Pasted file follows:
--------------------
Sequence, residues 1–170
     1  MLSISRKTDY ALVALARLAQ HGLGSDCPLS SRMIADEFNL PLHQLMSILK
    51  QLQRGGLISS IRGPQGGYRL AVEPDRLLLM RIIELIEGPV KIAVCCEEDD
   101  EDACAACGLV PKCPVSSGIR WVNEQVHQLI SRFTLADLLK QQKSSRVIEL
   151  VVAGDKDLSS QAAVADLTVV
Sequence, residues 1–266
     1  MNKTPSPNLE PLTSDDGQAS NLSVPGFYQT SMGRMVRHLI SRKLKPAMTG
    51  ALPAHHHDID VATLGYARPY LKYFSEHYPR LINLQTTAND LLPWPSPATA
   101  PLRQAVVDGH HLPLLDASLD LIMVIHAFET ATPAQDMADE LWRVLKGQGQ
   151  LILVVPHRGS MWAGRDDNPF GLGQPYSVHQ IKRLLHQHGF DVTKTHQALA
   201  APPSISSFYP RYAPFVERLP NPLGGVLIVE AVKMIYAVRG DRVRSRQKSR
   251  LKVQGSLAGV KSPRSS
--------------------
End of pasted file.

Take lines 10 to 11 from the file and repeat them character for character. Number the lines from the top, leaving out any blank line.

   151  LILVVPHRGS MWAGRDDNPF GLGQPYSVHQ IKRLLHQHGF DVTKTHQALA
   201  APPSISSFYP RYAPFVERLP NPLGGVLIVE AVKMIYAVRG DRVRSRQKSR